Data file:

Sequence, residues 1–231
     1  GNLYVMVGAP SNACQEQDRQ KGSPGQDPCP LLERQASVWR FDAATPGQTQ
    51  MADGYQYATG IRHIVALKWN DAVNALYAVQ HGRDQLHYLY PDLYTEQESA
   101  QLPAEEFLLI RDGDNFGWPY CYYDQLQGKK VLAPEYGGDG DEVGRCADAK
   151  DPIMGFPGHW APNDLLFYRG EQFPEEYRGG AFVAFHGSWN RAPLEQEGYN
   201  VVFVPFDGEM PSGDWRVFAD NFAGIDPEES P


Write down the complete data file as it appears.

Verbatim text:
Sequence, residues 1–231
     1  GNLYVMVGAP SNACQEQDRQ KGSPGQDPCP LLERQASVWR FDAATPGQTQ
    51  MADGYQYATG IRHIVALKWN DAVNALYAVQ HGRDQLHYLY PDLYTEQESA
   101  QLPAEEFLLI RDGDNFGWPY CYYDQLQGKK VLAPEYGGDG DEVGRCADAK
   151  DPIMGFPGHW APNDLLFYRG EQFPEEYRGG AFVAFHGSWN RAPLEQEGYN
   201  VVFVPFDGEM PSGDWRVFAD NFAGIDPEES P